The monetary policy committee (MPC) members emphasised the need to be vigilant about the evolving retail inflation trajectory in the backdrop of spike in vegetable prices even as the cumulative 250 basis points hike in repo rate is working its way in the economy

The six-member MPC unanimously voted to keep the policy repo rate at 6.50 per cent for the third time on the trot at its last meeting (August 8-10), with 5 out of 6 voting in favour of the monetary policy stance (to remain focused on withdrawal of accommodation to ensure that inflation progressively aligns with the target, while supporting growth).

Per the MPC minutes, RBI Governor Shaktikanta Das, observed that while the vegetable price shocks are expected to correct quickly with the arrival of fresh crops, there are risks to the food and the overall inflation outlook from El Nino conditions, volatile global food prices and skewed monsoon distribution - all of which warrant close monitoring.

In the non-food category, crude oil prices have firmed up reflecting tighter supply conditions.

Food price shocks

“Given the likely short-term nature of the vegetable price shocks, monetary policy can look through the first-round impact of fleeting shocks on headline inflation.

“At the same time, we need to be ready to pre-empt any second-round impact of food price shocks on the broader inflationary pressures and risks to anchoring of inflation expectations. The impact of the cumulative rate hike of 250 basis points on the economy is still playing out,” Das said.

MD Patra, Deputy Governor, RBI, underscored that the elephant in India is the monsoon, with August shortfalls rendering the outlook uncertain in the shadow of El Nino effects even as Indian Ocean dipole conditions are turning positive.

Also read: Food inflation in metros over 500 bps higher than national average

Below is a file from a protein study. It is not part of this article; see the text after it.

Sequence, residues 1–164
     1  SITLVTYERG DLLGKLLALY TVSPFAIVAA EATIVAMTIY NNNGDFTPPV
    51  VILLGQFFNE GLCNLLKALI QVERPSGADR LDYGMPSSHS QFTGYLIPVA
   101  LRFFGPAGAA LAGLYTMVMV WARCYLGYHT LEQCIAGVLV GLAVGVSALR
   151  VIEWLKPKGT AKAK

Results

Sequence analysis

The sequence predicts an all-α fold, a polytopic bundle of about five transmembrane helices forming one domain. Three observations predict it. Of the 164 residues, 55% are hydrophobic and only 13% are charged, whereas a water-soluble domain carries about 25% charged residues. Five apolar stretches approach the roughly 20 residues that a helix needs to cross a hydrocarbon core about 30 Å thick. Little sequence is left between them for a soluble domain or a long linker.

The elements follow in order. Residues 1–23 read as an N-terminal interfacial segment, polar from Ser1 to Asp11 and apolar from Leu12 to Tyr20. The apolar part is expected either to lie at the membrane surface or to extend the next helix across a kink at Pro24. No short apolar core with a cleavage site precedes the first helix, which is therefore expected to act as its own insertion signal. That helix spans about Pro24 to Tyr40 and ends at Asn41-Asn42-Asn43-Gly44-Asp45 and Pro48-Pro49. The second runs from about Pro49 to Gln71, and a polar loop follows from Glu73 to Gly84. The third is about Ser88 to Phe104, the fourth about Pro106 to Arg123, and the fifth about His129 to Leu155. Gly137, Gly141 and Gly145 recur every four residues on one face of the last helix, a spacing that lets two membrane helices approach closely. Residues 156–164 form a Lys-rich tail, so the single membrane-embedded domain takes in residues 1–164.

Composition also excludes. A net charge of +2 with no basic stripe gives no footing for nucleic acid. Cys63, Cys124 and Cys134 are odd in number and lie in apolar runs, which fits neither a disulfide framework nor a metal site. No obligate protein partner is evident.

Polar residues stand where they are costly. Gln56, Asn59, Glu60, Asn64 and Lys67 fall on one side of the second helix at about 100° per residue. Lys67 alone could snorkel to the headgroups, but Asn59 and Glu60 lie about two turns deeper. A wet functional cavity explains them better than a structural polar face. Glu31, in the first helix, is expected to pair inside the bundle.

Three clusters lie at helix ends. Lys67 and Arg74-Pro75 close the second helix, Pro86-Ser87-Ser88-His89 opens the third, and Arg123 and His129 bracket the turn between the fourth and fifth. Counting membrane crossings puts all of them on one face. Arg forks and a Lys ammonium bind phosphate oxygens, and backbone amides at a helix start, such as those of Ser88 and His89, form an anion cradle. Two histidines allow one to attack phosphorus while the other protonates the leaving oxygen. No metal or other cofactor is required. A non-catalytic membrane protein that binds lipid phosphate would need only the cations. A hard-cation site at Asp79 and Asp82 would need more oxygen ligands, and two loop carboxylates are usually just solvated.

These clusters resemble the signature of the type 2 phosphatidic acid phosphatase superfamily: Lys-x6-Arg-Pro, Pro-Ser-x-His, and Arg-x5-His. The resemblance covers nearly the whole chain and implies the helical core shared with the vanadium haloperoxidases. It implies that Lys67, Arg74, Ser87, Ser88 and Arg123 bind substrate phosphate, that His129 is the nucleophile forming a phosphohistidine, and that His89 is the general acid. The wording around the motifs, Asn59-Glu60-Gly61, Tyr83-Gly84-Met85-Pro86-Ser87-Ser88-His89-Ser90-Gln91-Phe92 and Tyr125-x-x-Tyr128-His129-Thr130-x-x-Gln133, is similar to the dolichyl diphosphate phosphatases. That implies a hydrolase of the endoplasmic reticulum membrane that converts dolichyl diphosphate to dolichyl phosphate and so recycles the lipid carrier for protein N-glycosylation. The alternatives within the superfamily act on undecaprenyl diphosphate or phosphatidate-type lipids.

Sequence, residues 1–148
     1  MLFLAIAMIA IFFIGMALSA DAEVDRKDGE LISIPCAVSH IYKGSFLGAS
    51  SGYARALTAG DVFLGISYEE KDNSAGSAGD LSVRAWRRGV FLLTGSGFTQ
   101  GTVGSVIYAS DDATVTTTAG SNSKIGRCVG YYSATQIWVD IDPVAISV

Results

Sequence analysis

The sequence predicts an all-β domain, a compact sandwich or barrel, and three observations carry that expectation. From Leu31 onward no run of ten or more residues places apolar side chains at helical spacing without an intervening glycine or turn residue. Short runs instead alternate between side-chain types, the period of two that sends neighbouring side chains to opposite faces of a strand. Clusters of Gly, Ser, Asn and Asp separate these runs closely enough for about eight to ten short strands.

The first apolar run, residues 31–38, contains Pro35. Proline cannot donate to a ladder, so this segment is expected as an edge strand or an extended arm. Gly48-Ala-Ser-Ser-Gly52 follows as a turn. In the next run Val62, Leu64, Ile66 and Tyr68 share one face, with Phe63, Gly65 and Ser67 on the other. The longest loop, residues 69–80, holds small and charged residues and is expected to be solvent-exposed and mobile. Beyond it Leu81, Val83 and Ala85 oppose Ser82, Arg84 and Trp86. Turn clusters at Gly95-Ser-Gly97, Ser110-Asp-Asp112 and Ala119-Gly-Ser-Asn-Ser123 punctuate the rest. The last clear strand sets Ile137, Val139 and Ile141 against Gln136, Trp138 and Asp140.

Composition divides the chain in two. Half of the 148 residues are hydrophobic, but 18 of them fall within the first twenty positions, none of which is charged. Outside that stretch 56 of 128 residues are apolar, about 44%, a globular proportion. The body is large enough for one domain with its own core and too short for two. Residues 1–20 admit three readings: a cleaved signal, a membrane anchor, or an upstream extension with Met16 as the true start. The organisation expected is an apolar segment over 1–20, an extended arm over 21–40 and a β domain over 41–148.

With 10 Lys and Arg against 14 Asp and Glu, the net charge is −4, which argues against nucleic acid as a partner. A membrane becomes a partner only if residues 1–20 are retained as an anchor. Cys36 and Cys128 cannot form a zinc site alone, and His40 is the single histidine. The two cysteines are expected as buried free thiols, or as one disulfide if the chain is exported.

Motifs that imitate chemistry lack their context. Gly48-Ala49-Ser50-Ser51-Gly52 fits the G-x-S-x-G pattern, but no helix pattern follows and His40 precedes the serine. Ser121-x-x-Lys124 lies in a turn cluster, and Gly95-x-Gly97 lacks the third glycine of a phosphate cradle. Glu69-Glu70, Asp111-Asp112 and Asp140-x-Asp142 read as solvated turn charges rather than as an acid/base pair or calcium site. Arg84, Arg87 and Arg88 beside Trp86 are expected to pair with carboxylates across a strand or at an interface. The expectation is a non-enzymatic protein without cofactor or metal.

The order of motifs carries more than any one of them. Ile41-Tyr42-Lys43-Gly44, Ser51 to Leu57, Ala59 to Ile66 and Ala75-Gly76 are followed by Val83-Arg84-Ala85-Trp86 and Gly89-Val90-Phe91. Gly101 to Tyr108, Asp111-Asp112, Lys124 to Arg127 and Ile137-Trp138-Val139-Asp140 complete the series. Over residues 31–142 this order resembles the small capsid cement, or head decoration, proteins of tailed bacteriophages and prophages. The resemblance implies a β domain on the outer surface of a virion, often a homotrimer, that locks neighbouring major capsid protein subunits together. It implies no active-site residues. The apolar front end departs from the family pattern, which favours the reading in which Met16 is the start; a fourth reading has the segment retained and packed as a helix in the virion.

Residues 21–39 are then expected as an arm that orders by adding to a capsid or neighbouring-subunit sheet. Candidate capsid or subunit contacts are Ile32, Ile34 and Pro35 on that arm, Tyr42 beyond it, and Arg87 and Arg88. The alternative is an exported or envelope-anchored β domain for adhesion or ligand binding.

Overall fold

“Against this backdrop, recent inflation developments and outlook warrant careful assessment and strategy. ...A risk to the inflation outlook stems from the liquidity overhang in the banking system. Withdrawal of excess liquidity should engage primacy in the attention of the RBI going forward as it presents a direct threat to the RBI/MPC resolve to align India’s inflation with the target, besides the potential risks to financial stability,” he said.

Patra opined that ensuring the sustained easing of core inflation is crucial to the MPC’s objective of bringing inflation down to the target. This objective should not be undermined by supply shocks that show any signs of persisting and getting broader-based.

‘A disconnect’

Jayanth R Varma, Professor, Indian Institute of Management, Ahmedabad, said: “Just as a couple of low (inflation) readings do not call for celebration, it is equally true that a couple of very high readings do not call for panic. What is important is the projected trajectory of inflation over the next several quarters.

“I am of the view that the current level of the repo rate is high enough to bring inflation below the upper tolerance band on a sustained basis and also glide it towards the middle of the band.”

Varma observed that the disconnect between (monetary policy) stance and action (this would be the third successive meeting at which the repo rate has been left unchanged, assuming that the MPC decides to pause now) has completely hollowed out whatever meaning the stance might have originally had, and turned it into a harmless ritualism. So I am content with expressing reservations about the stance,” he said.